Gently pry the apricots in half or use a paring knife to split them open. Remove and discard the pits.

Set the apricot halves, cut side up, on a small, rimmed baking sheet or shallow broiler pan. Place a piece of butter in each of the apricot cavities. Sprinkle the sugar on the apricot halves and sprinkle a little cinnamon over each half.

Broil the apricot halves for 3 minutes, or until the sugar begins to caramelize and the apricots are just beginning to char around the edges. Remove from the oven.

Spoon the apricots, three halves per person, into dessert bowls and top each serving with a dollop of honey mascarpone. Serve while still warm.

Guests:

Mike Biltonen

Hosted by:

Amy Eddings

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Comments [1]

Tree from Watchung, NJ

I just heard your report about apricots up in the Finger Lakes region. I grew up in Niagara Falls, Ontario and peaches from Niagara on the Lake, Ontario,(10 miles away) were a sweet and delicious part of summer. Yes, peaches are grown north of the US border:). These Niagara peaches are smaller than those found here in the US, but they are juicy, sweet and 'stone free' ( no clinging to the pit).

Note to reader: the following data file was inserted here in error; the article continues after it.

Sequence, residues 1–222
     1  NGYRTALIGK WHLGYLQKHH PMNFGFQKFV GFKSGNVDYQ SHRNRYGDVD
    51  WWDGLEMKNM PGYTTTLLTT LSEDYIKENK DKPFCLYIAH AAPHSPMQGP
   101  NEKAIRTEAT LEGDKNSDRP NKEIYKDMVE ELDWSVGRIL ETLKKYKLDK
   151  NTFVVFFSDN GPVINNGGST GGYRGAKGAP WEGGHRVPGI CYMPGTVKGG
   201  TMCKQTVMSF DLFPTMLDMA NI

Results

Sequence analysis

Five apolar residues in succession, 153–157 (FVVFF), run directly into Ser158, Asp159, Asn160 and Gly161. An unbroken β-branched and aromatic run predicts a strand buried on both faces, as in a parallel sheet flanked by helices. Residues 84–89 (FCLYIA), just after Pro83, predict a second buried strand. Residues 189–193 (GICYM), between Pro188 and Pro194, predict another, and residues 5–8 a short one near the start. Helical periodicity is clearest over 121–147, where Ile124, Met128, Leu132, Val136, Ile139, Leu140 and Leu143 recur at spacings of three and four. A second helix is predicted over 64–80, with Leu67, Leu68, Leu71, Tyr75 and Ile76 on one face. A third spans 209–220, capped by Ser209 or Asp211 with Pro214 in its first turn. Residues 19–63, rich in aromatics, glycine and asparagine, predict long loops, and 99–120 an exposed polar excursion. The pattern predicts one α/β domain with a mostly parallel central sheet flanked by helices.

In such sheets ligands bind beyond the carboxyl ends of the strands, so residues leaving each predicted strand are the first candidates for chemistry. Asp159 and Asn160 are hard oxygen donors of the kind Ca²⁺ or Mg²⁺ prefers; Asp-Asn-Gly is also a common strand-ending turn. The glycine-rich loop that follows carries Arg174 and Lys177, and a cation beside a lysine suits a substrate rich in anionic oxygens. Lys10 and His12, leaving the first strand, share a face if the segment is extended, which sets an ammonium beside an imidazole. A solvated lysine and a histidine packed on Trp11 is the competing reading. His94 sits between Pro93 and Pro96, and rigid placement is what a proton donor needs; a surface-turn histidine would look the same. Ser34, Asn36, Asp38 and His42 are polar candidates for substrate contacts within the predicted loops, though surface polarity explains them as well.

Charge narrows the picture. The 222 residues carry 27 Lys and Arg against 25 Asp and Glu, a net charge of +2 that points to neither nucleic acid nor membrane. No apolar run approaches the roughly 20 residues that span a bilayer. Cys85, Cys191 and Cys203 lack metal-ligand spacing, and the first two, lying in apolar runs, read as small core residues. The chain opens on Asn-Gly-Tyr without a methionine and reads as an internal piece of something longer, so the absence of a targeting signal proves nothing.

My children went to summer camp in Northern Ontario for several years and they indulged in the Ontario peaches. Peaches are grown north of Toronto as well. These delicious peaches from my childhood, went to local canning facilities (summer jobs for moms and children).

Sadly, these peach orchards have slowly been converted to grape vineyards, likely, a more lucrative alternative. We picked cherries and plums as well. I don't buy peaches here, in the US, because they just don't cut it.. they are either too hard or too mealy (industrial). Miss those peaches from home.

Jul. 26 2013 06:07 PM

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Last Chance Foods covers produce that’s about to go out of season, gives you a heads up on what’s still available at the farmers market and tells you how to keep it fresh through the winter.